10
Sep
2013
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Welcome to Maptember!

This September is busy time for those of us in the world of mapping and with so many mapping related conferences planned, we’ve renamed the month ‘Maptember’.

It kicked off with the Society of Cartographers Annual Summer School Conference during the first few days of September with a jam-packed programme full of interesting topics including mapping the railways and climate change resiliance mapping.

Then the British Cartographic Society, celebrating their 50th anniversary held their Annual Symposium titled ‘Mapping 2013 – Today, Tomorrow and Beyond…’

Our Director General and Chief Executive Vanessa Lawrence delivered an interesting keynote presentation charting the history of Ordnance Survey and the role of cartography moving into the future and the special 50th anniversary event included presentations from the heads of each of the five British mapping and charting agencies.

Then the week ended with State of the Map – the conference of OpenStreetMap, the project to make and distribute free geographic data for the world. This year SOtM was being held in Birmingham, in the heart of the country and Peter ter Haar, our Products and Innovation Director delivered a presentation called ‘Lessons from the crowd: How to be truly authoritative’.

Hot on it’s heels is the AGI Annual Conference – AGI GeoCommunity ’13: Open for Business – which will be held in Nottingham on the 16th to 18th September 2013.

This is the 7th year of the AGI GeoCommunity conference, and in that time it has become the largest and most comprehensive independent geo conference in the UK. It’s known for providing insight and leadership in current GI and location-based issues via keynote addresses, conference papers, hands-on training and excellent delegate networking.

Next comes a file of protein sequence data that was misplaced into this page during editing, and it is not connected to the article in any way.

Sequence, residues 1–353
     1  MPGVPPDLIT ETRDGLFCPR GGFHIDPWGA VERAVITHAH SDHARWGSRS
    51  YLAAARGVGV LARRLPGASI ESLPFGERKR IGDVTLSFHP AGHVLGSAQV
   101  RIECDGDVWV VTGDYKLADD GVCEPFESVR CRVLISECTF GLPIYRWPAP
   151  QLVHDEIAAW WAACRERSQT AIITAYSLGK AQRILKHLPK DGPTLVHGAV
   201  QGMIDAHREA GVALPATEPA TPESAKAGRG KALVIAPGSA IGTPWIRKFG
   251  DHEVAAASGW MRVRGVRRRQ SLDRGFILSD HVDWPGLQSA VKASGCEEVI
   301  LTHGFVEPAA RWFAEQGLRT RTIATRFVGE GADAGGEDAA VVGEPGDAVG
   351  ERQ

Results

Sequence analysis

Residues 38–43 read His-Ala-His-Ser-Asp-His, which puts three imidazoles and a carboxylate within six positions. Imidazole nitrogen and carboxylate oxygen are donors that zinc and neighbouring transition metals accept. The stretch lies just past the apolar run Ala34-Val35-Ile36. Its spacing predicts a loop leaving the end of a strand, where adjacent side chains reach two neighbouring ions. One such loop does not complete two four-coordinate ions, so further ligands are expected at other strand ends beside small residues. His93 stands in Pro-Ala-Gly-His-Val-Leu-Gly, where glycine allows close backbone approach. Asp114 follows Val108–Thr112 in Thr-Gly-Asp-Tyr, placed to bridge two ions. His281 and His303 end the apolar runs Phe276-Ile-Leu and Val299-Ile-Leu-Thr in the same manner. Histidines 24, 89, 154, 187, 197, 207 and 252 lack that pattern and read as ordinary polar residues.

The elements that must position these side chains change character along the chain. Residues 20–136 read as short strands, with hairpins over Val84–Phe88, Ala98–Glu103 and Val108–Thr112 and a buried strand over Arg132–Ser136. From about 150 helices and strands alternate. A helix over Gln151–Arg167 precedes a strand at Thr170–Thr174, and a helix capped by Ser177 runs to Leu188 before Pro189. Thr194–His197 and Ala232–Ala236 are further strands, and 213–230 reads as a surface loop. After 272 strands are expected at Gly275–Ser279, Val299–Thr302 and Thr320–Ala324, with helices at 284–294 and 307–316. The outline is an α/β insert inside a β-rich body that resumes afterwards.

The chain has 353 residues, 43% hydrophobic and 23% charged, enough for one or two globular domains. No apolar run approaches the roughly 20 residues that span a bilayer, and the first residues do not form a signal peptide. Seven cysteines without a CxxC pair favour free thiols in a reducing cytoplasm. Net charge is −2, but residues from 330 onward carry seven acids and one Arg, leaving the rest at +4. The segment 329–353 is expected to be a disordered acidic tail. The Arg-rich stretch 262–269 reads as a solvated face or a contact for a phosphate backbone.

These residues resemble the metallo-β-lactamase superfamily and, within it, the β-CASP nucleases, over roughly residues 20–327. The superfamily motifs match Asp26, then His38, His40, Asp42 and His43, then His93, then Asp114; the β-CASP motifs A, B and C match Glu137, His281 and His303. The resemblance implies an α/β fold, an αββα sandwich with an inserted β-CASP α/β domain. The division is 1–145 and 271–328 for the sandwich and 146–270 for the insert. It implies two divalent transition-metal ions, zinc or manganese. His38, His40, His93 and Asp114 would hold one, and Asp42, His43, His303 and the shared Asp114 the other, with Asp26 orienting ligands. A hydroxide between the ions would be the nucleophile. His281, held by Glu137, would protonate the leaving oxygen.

We are a strong supporter of the AGI, and this year the conference theme is ‘Open for Business’ which perfectly reflects our initiatives for OS OpenData and OS OpenSpace as well as our future product innovations through the OS Insight programme all of which will be presented at our stand.

We’ll also be making a number of presentations on linked data and open source as well as Vanessa Lawrence presenting at the opening plenary.

And ending the month, for the first time ever, the Free and Open Source Software for Geospatial (FOSS4G) conferences is coming to the UK. FOSS4G is the annual conference for the Open Source Geospatial (OSGeo) Foundation which is the global, non-profit organisation created to support collaborative development of open source geospatial software, and promote its widespread use.

Ordnance Survey makes extensive use of open source across the business from corporate core technologies (including web servers, firewalls, server operating systems) to everyday products (such as the map servers and web shop) through to the browser you’re probably reading this blog on (Firefox?).

The event is expected to draw delegates from across the world, attracted by the huge volume of papers (over 200 spread across 9 streams – 5 from the OS), workshops (5 streams over 4 days – with our own Paul Naylor presenting on Cartographic Design), as well as two days of GeoHack (taking place in the ‘geotent’), unconference sessions, CodeSprints, Bird of a Feather meetings and a wide range of social activities.

And then, when we get to the end of that, I think we’ll be in much need to getting back to our daily business of producing our maps! Roll on October!

You may also like

British Cartography Society Conference
‘Digital Twin’ is the new ‘Smart City’
First public view of work towards UK GEMINI 2.3
Note to self: Find my way to get more involved with the AGI in 2015!

1 Response

  1. Well after that first week of SoC, BCS and osm I’m also looking forward to getting back behind the desk too instead of the driving wheel! But I must say I wouldn’t have missed them for the world. Been an excellent few days and I’m looking forward to staying in touch with the new colleagues and friends I’ve made along the way…
    Seems cartography does have a place with today’s open data after all 😉

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